After Game 2 of the Boston Bruins' series against the Carolina Hurricanes, we cautioned against the mindset that a No. 1 seed was losing rather than believing that a No. 6 seed was winning:
Underestimate the Hurricanes at your own peril. They're more than just a hot goalie and your own team's foibles.
Besides giving Carolina a 2-1 series advantage against the B's, Game 3 may have finally cemented the Hurricanes as an honest-to-goodness-contender rather than some lucky underdog nipping at the heels of a better foe. Even if the venerable Bob Ryan of the Boston Globe still sounds unconvinced:
They won precious few of the much-discussed "one-on-one battles" hockey people love to reference, and they even had the distinction of coming up with the evening's single dumbest play, an absolutely foolish and needless attack on Carolina goalie Cam Ward(notes) by the normally level-headed Marc Savard(notes).
There was no need for Savard to ram Ward in the back in the first place. But to do it, and thus negate a penalty (a pretty nasty Niclas Wallin(notes) hit on Stephane Yelle(notes)), was unforgivable. Savard does not ordinarily do idiotic things like this. Was losing his head like this symptomatic of some larger issue?
I mean, who knows? Are the Bruins feeling the burden of being the highest team left standing? Is some element of self-doubt creeping into their heads? They certainly have not been their regular-season or Montreal series selves these past two games.
Forgetting for a moment that a national columnist feels the need to distance himself from the game by referencing "hockey people," let's focus on delusion.
Stanley Cup of Chowder, a great Bruins blog, posted a series of reasons why the Bruins can't lose this series -- some humorous, some serious. The general impression, though, is the notion that Boston is in a different class than Carolina is as a team.
In a general sense, this is probably true. But not in the last two months. Carolina was 13-3 during a ferocious drive to the postseason in March and April; Boston was 11-7 in a smooth ride to the conference title, not exactly playing the sort of hockey that allowed them that luxury.
In this playoff series, it can be argued that the Hurricanes have won six of the last seven periods from the Bruins. After barely losing to Boston in the faceoff race during Game 2's win, they dominated the Bruins in Game 3. Patrice Bergeron(notes) was 3-for-15 in the faceoff circle during Game 3; we're talking about a player that rolled to a 54.5 percent clip in the regular season.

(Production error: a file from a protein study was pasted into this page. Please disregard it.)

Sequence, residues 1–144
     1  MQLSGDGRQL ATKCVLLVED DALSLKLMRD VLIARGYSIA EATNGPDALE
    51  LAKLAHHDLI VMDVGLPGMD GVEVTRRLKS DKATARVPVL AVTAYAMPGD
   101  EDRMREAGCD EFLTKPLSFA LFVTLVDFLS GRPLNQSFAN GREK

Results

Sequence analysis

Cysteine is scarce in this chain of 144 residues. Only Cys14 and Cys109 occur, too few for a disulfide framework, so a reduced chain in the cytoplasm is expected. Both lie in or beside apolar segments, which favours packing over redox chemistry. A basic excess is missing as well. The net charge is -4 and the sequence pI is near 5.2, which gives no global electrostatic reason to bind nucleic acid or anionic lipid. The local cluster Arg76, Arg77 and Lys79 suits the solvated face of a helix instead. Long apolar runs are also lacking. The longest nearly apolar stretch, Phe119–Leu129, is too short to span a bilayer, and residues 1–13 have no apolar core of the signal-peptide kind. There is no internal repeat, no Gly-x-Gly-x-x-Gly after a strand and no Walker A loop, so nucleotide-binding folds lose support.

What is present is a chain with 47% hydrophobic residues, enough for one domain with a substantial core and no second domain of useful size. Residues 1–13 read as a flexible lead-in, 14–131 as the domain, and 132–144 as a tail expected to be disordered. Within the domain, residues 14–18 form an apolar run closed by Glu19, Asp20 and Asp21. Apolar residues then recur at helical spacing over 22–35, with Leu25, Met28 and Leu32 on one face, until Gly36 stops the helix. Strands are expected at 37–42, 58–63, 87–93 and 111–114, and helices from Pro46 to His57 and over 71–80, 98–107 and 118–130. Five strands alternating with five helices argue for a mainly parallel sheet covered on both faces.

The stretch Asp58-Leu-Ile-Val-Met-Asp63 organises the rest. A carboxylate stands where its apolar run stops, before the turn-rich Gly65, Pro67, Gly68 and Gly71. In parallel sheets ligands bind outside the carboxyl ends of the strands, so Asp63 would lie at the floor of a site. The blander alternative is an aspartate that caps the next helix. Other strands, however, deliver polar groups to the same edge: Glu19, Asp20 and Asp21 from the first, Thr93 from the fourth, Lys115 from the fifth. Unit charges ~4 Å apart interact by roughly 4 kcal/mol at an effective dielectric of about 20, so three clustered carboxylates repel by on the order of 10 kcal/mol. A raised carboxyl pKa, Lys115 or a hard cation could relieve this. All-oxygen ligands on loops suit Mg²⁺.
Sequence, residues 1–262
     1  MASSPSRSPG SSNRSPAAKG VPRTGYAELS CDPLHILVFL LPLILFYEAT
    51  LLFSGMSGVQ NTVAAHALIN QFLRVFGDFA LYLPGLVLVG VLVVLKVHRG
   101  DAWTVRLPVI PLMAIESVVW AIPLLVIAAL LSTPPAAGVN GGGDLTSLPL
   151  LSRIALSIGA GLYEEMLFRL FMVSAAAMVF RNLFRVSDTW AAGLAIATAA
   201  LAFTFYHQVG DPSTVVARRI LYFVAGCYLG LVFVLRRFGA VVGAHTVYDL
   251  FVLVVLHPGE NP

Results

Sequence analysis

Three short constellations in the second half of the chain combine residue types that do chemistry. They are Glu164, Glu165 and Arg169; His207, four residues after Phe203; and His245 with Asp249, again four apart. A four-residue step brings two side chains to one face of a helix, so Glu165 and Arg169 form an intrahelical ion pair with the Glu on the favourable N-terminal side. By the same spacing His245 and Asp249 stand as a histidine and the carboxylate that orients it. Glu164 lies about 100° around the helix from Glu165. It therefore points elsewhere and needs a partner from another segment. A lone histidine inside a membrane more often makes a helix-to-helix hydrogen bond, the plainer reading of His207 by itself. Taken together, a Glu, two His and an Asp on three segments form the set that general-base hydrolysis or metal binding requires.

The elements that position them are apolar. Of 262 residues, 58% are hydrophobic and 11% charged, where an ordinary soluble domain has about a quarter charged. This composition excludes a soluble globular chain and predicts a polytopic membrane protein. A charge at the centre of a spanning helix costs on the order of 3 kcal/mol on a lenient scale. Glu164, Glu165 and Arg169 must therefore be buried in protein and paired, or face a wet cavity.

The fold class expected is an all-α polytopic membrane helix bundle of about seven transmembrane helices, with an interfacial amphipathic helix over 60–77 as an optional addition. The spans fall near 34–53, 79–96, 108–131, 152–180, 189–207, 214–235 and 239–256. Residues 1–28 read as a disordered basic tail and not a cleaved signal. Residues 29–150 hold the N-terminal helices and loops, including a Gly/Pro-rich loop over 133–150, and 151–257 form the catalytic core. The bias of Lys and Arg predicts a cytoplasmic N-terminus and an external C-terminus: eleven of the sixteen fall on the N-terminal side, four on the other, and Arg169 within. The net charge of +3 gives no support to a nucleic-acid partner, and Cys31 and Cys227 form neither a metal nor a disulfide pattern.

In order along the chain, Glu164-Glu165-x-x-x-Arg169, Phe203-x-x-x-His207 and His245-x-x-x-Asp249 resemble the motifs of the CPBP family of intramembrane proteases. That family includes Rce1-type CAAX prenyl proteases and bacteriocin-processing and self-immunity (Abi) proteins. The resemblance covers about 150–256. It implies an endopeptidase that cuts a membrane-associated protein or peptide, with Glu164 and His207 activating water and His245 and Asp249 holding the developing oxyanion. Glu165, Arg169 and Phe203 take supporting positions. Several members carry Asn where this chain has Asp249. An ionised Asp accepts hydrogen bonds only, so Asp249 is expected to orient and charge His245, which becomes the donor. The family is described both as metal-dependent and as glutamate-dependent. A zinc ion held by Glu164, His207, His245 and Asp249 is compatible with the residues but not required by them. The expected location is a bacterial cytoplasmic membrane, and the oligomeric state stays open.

No, what's happening right now isn't the Bruins' failure: It's the Hurricanes successfully playing their brand of intense forechecking and smart, responsible defense. And as we've mentioned before, out blue-collaring the Bruins. Which shouldn't happen with a team that has Milan Lucic(notes), Mark Recchi(notes) and Chuck Kobasew(notes).
One of the most significant reasons why the Hurricanes have limited Boston's chances and given Cam Ward good looks at pucks has been the backpressure applied by their forwards. "With players that skate very well and really handle the puck, if you give them ice to play on, they will make those plays," said Paul Maurice. "The only way to do that is allow your defense to stay up and have as tight a gap as you can. The only way to do that is to push them from behind."
Exactly. The Hurricanes know that they don't exactly have Zdeno Chara(notes) on their backline, so they play a team concept of defense in front of Ward. That's been one of the critical differences under Maurice, and it continues to pay off because the Hurricanes are so damn fast in transition. When they don't play with defensive responsibility, you get Game 1; when they perfect it, you get Game 3.
Back to the Bruins' Blog:
All but missing in this series for the Bruins: emotion. "When we played teams like Montreal or the Rangers, we were more intense and more emotionally involved," Zdeno Chara said. "We have to bring that same level."
Again, excellent point: It's easy to dominate the Montreal Canadiens when you despise them with every ounce of your being. But like the New Jersey Devils in Round 1, finding that extra bit of angst against a Carolina team that doesn't play in your division is a challenge. Same goes for either Washington or Pittsburgh if the Hurricanes advance to the finals.
That said, Bruins Coach Claude Julien appears more concerned with execution than intensity:
Julien repeated his stance from Thursday, that the Bruins got off to a good start in Wednesday's Game 3 but just didn't finish well.
"We have to finish our plays," said Julien. "We have to continue with our plays and not have those breakdowns that we had. ... As far as saying, well, they wanted it better than we did, I don't think that inside the players feel like they're not giving the effort. But when you don't work properly, it certainly looks that way. If we start making better plays, our efforts won't be questioned as much. There's no doubt you've got to play more determined to win one-on-one battles."
Just like how the city of Pittsburgh is finalizing a statue in Evgeni Malkin's(notes) honor after Game 3, the Bruins could wipe away much of this doubt and frustration with a victory this evening. But if the Hurricanes have solved their feast-or-famine inconsistency from Round 1, that's not going to be easy.